I tried her idea. When reading alone, I would “perform” the poem to the best of my ability, aloud, using the poet as the imaginary audience. For shorter poems this technique worked really well. It worked less well with epic poetry, but with a little modification was made to do. I experienced a lot of poetry that quarter, and that experience did change my life. I finally had learned an essential factor of how one approaches poetry, and the rewards were very rich.
There are now a few books out on how to read a poem, and they contain many useful insights. Some even mention the idea of reading aloud, but none really focus on the poem as potential performance art. It is also a very good idea to read epic poetry aloud as well, and this helps in grasping the true nature of the work. When I think of epic, I think of the work of Homer, Virgil's Aeneid, Dante's Divine Comedy, Chaucer's Canterbury Tales and Milton's Paradise Lost. In the days of Homer the idea of verse was very important because for generations, perhaps hundreds of years the stories were communicated by oral tradition; nothing was written down. Rhyme, meter and the music of the language was important for multiple reasons. Verse was considered the language of the Gods and the music in the language added to the glory of the action. There was, of course, a far more practical reason for the rhyme and musical aspects of the verse. It was a form of insurance that the story would not be changed as it was told. A change in rhyme or rhythm would be immediately obvious, lending credence to the idea that a large verse epic could be handed down from generation to generation with little or possible no degradation. Thus it was with Homer's epics.
Even the most didactic of verse is a vision in print. The poet presents us with a vision and implicitly expects us to “experience” the vision. Experience, not interpret or understand, these things are up to us, only if we wish. Most people seem to be put off by poetry because they have difficulty understanding it. Consider this. When we read a novel, depending upon the novel, we may only think we really understand it, but we do understand part of it, even only with a single reading. For some reason, we think we should understand a poem with the same ease. How have we developed such a preposterous expectation. Should I blame society, or educational institutions, or the educators? Who can say?
It takes many readings, even of the simplest poem, to “experience” the poet's vision. Typically, we don't understand the concept of a poem. Because most of our reading experience is confined to the newspaper or magazines, that tends to set expectations. Everything we read is expected to be simple and clearly written. While this might be an accurate expectation in the right context, it is absolutely false in the context of poetry.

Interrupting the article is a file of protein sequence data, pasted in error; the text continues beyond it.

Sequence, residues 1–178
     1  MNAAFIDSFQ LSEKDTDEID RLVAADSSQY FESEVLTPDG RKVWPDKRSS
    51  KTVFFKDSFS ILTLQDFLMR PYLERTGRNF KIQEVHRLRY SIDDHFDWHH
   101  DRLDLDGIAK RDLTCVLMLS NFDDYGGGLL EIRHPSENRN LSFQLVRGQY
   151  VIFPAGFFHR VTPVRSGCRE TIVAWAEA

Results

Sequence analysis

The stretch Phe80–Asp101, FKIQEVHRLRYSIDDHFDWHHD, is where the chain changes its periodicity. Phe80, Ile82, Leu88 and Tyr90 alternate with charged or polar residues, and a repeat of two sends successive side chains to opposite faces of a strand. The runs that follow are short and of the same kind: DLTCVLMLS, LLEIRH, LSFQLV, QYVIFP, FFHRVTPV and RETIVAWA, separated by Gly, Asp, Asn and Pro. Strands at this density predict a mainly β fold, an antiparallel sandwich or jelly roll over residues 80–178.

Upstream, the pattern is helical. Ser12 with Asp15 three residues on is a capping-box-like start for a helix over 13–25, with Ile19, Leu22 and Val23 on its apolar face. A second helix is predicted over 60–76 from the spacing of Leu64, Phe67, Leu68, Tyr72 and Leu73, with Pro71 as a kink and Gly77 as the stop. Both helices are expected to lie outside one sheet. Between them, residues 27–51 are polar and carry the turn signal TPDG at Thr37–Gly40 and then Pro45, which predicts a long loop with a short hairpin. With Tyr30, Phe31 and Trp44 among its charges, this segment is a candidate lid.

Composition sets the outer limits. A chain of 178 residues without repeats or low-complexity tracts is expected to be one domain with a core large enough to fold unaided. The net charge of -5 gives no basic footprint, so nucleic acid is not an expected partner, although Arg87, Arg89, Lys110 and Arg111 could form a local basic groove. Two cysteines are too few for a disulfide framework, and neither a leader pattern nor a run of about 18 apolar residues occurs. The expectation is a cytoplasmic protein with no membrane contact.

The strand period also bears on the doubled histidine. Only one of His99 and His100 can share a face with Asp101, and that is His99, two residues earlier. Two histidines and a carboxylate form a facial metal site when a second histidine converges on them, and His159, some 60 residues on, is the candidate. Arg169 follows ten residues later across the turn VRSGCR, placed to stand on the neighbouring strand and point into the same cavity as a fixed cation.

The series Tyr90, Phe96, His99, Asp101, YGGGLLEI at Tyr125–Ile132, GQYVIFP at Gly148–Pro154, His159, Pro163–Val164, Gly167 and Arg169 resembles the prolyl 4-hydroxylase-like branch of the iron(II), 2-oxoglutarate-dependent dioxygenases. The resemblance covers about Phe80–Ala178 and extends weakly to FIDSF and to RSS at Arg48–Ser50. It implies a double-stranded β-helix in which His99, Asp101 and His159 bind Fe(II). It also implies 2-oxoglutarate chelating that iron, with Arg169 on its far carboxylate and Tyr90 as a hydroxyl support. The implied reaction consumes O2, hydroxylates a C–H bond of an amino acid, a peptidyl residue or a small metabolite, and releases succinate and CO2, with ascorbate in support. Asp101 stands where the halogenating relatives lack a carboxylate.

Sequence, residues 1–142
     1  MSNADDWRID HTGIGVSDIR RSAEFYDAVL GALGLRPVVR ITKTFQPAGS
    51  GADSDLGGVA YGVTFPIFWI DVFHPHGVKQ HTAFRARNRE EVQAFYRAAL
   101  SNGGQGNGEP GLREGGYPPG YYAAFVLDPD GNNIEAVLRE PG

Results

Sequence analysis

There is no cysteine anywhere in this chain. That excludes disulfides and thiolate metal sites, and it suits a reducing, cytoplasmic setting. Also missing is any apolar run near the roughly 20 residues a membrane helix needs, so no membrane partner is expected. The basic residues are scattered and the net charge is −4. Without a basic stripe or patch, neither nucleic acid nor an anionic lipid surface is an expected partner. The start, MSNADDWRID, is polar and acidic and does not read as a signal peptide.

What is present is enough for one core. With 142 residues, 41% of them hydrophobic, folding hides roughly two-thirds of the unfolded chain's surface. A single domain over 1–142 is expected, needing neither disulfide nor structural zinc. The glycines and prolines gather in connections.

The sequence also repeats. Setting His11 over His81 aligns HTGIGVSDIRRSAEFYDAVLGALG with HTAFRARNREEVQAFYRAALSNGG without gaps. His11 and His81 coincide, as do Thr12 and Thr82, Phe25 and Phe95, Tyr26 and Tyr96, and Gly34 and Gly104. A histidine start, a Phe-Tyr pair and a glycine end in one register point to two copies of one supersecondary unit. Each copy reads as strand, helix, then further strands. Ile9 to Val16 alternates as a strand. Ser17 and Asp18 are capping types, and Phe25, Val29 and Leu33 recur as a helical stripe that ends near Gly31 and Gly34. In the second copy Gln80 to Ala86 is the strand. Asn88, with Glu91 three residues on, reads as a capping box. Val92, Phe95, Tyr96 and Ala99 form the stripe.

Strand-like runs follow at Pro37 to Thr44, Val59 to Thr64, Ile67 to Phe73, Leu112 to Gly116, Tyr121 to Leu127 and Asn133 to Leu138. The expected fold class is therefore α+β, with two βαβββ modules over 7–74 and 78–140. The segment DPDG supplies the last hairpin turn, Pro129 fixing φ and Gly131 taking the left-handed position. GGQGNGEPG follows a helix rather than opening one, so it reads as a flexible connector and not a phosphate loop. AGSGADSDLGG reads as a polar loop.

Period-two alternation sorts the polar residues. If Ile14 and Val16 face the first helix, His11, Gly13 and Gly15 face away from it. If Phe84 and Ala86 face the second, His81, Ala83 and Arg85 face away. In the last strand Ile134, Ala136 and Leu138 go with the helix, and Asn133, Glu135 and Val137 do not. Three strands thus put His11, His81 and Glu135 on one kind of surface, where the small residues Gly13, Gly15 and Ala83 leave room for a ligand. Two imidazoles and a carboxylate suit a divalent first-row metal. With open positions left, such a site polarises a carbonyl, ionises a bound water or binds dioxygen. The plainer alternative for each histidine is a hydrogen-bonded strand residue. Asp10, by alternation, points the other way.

Let's look at how a poem is often written, or better, let's use the genesis of a single great poem as an example. When Yeats wrote “The Second Coming”, he started as he usually did. He just wrote it out, in prose, until he felt he had captured the vision. Then he just kept honing it; dividing the lines for rhythm and feel; replacing three words with one; removing mere explanation to enhance with suggestion instead. It took months. He would set it aside to “rest” and then return to it. Much of his work was developed the same way, hundreds of readings and scores of revisions, until at last, the vision was attained. Today's world leaves us too impatient to appreciate poetry. In truth, today's world leaves us too impatient to appreciate much of anything. Art, poetry, scripture, great fiction, good movies, elevating music, inspiring drama, all require repetition to achieve appreciation.
I will never forget my first serious art class. After we had met for several weeks, we completed an exercise and the instructor reviewed our work. She then commented, “Do this about a hundred more times, and you will finally start getting the hang of it!” Nothing comes quickly, in spite of our expectations. Even with short poems (less than 50 lines), I find myself seeing new things after years of readings. As we mature, our appreciation of a work also matures.
Is it essential that everything we see be part of the artist's design? Certainly not! No more than we lose value if we do not experience or appreciate ALL of the artist's design. I have read Pride and Prejudice countless times, and find something new to enjoy every time. Certain poems I have read a score of times every year for decades with ever growing admiration for the work.
So, my advice is to avoid “reading” poetry at all costs, such a thing merely diminishes the reader and the work. I would, however, strongly encourage you to take advantage of the Internet and begin to “experience” poetry at once!
* Keith Gilbert works as an associate of GM America and writes from West Bloomfield, MI, USA